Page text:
Armikrog is a unique stop motion clay animated point and click adventure game from the creators of Earthworm Jim and the Neverhood. Unravel the mysteries of the fortress that holds Tommynaut and his blind alien talking dog Beak-Beak captive through exploration and puzzle solving!
User reviews:
Mixed (764 reviews) - 49% of the 764 user reviews for this game are positive.
Release Date: Sep 30, 2015

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About This Game

Armikrog is a unique stop motion clay animated point and click adventure game from the creators of Earthworm Jim and the Neverhood. Follow the adventures of space explorer Tommynaut and his blind alien talking dog Beak-Beak, as they unravel the mysteries of the fortress that holds them captive through exploration and puzzle solving!

• Follow the adventures of space explorer Tommynaut and his blind alien talking dog Beak-Beak, as they unravel the mysteries of the fortress that holds them captive through exploration and puzzle solving!
• Loveable characters designed by Doug TenNapel creator of the Earthworm Jim and developed by creators of The Neverhood, Ed Schofield and Mike Dietz.
• Rich cast of voiceover talent brings Armikrog’s characters to life, including well-known actors Jon Heder (Napoleon Dynamite), Rob Paulsen (Pinky and the Brain) and Michael J. Nelson (Mystery Science Theater 3000).
• Original soundtrack created and recorded by American songwriter and record producer Terry Scott Taylor.

System Requirements

Mac OS X
SteamOS + Linux
    • OS: Windows XP+
    • Memory: 2 GB RAM
    • Graphics: Pentium 4 or equivalent
    • DirectX: Version 9.0
    • Storage: 2 GB available space
    • OS: Mac OSX 10.8
    • Memory: 2 GB RAM
    • Graphics: Intel HD 2000 Graphics
    • Storage: 2 GB available space
    • OS: Ubuntu 14.04 LTS or SteamOS
    • Memory: 2 GB RAM
    • Graphics: Intel HD 2000 Graphics
    • Storage: 2 GB available space
Customer reviews
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Mixed (764 reviews)
Recently Posted
0.4 hrs on record
Posted: August 17
The game is confusing and giving you a silent treatment. Call me stupid, but this game is confusing as heck. Also screw infant with lulaby puzzle.

And add the language option.

btw I regret backing it up on kickstarter.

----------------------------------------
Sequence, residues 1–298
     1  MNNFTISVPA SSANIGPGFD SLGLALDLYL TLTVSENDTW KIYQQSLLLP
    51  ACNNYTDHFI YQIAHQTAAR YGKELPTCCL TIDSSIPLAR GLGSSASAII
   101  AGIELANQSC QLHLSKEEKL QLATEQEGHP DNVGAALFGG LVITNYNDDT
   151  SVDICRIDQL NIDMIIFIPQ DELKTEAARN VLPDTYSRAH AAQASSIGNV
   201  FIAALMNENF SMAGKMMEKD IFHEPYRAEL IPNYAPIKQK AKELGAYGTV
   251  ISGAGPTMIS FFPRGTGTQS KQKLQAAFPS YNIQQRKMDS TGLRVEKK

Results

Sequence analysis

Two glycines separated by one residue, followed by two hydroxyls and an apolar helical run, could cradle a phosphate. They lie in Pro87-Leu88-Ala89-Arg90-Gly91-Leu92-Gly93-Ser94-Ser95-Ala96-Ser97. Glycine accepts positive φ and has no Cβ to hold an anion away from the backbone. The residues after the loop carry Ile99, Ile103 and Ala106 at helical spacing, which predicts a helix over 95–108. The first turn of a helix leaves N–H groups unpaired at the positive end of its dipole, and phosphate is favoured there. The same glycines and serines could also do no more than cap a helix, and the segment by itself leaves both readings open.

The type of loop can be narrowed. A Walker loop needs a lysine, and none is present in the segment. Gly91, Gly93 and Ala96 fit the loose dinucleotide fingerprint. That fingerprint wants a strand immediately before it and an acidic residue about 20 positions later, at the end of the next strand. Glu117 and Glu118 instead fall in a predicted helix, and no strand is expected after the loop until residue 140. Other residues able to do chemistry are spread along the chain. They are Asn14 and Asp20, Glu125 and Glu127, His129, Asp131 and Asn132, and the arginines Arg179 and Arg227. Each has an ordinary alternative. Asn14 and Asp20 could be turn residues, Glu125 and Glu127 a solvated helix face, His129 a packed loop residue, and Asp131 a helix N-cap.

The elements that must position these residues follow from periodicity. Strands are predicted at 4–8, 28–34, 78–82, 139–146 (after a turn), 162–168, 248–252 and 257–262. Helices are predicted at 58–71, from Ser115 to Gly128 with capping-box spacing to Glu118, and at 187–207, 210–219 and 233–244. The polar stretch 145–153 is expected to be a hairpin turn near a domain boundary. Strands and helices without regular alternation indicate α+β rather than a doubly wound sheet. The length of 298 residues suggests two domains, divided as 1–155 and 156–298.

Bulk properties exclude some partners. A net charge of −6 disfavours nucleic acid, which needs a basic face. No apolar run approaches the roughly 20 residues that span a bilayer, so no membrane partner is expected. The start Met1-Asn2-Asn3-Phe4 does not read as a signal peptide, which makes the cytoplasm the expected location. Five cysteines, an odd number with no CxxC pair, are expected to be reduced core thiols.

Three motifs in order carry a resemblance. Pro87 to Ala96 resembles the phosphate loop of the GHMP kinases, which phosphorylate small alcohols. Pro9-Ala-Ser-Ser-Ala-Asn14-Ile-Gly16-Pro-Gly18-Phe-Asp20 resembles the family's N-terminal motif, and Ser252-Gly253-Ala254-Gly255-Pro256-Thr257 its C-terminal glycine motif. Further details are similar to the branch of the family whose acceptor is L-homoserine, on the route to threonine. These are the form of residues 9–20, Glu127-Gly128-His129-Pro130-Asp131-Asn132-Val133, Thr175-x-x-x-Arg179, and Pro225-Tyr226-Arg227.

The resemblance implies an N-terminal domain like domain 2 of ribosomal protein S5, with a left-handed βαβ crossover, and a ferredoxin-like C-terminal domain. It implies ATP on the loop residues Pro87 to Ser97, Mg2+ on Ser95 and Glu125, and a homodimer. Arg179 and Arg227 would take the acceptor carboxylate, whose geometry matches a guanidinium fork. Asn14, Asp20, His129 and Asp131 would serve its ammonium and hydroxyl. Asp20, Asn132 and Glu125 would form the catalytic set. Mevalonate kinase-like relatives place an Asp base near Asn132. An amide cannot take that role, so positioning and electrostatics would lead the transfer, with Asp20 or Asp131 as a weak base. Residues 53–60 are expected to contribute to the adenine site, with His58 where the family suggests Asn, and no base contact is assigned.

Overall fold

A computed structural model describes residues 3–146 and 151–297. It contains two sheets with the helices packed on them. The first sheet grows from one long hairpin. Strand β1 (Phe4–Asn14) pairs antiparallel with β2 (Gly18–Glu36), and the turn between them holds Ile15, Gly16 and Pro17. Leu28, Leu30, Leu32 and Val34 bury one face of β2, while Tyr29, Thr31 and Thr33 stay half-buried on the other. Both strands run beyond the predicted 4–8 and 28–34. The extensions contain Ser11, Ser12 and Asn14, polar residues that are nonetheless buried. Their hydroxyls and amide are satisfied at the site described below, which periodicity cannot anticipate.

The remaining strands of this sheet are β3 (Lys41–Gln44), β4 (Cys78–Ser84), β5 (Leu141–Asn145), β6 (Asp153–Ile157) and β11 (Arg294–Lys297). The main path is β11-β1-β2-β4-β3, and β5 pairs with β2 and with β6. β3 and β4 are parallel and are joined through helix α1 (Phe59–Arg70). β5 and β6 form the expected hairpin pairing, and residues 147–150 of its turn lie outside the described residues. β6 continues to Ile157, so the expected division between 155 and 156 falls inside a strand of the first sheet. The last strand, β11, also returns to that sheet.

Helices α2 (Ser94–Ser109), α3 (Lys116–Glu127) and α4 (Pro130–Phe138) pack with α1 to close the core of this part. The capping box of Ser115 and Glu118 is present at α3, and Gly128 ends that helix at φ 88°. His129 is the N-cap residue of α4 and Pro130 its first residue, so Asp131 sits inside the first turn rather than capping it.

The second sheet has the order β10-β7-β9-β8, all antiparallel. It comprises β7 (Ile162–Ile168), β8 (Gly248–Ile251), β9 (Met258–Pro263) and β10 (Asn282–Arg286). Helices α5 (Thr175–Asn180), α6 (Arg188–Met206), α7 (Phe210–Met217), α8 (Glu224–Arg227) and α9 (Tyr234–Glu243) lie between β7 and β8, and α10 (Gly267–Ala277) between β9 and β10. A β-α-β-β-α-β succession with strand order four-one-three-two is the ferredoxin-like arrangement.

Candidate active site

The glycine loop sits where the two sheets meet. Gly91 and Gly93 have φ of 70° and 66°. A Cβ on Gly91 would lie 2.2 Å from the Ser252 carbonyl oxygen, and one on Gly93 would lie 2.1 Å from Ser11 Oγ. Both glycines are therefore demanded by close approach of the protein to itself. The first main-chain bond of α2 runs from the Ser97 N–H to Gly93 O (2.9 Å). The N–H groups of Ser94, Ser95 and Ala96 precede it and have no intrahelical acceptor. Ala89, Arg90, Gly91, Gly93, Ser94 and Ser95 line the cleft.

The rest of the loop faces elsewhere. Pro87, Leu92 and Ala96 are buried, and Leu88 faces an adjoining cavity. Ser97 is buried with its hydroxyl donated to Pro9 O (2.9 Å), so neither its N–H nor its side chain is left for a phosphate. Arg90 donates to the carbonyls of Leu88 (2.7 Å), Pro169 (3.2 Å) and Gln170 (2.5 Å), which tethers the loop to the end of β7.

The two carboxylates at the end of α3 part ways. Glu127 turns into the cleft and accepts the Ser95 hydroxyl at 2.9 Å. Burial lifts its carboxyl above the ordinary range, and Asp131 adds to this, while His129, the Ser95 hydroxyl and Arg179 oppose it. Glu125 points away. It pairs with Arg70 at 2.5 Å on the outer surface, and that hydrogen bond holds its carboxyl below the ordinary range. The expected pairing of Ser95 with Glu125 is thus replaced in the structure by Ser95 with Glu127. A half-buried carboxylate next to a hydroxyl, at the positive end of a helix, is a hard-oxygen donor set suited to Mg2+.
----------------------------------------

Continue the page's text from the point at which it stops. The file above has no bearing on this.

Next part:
Helpful? Yes No Funny
4.5 hrs on record
Posted: August 6
Well done, but short.
Helpful? Yes No Funny
8.4 hrs on record
Posted: July 31
I was extremely excited when I heard that this game was being funded, having almost beat the Neverhood before (I was stopped when my computer updated and wouldn't run the game properly anymore). To be honest, I wish that they could just remaster and re-release the Neverhood so that it wouldn't be so darn rare to find compatible copies! Still, I've played the game around 3 times and I can say this game isn't bad.

The voice acting is relatively ok, Rob Paulsen carrying a lot of it as Beak-Beak, but the setting and music both really give the game a lot of charm. The story is half of what It could've been. With more time, it could've been deeper and more complex. The characters, as a result, also fall pretty flat. There is little time devoted to them to allow the player to care much about them.

The game has little replay value except to see how fast you can run through it (about 1.5 hours for me the last run), so I would say this game is worth buying if it's on sale. Not very worth its full price. Find the Neverhood somehow. Even though the animation is much better in Armikrog, being newer, the Neverhood has a bigger game, harder puzzles, and more depth to its story.
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3.8 hrs on record
Posted: July 23

- visuals ok, but some obvious design shortcuts
- music is ok at first, rather bland near the end

Cons: (everything else)

- boring and repeating puzzles
- forgettable storyline
- visuals of mixed quality
- no humour
- characters barely speak
- bugged save system, lost progress twice because a) savegames don't overwrite or b) because saves are broken
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Dr. Kebin
4.0 hrs on record
Posted: July 16
This game was a huge disappointment for me. I may have set my hopes up much too high. However, this is not at all a bad game, but one that didn't live up to the standards that Doug TenNapel set when creating both Earthworm Jim and The Neverhood. I loved The Neverhood and in fact just beat it a month before learning that this game was being released. So naturally I preordered Armikrog and the Sound Track (which was phenomenal as expected).

The Good

  • The music was by far my favorite part of the entire game. Terry Scott Taylor's rambling vocals and the odd instrumentation help to give this game even more quirk than it already has.
  • The visuals of the game are beautiful--possibly even more so than that of The Neverhood. The mixture of clay (or plastic that is formed to look like clay), paper, and other craft objects is an art style that has never been pulled off quite as well as Doug TenNapel's projects have.
  • The cut scenes, which were often humorous (to an extent) were reminiscent of The Neverhood at times.
  • Of course, a good point and click game would not be complete without some good puzzles. They were quite a bit easier than that of The Neverhood.
  • The addition of a second character in a Donkey Kong Country-style fashion definitely added another dimension to the gameplay.

The Bad

  • The crying baby mini game felt monotonous. This was the only puzzle that threw me off at first. When I finally figured it out, it just became irritating to have to do several other times.
  • The ending was very anticlimactic. Compared to the The Neverhood, which had both a good and bad ending, the ending for this game was much too simple and boring. Vognaut was not a menacing villain like Klogg was. There was no buildup to his arrival and I wish that the story behind the three astronauts was explored much more.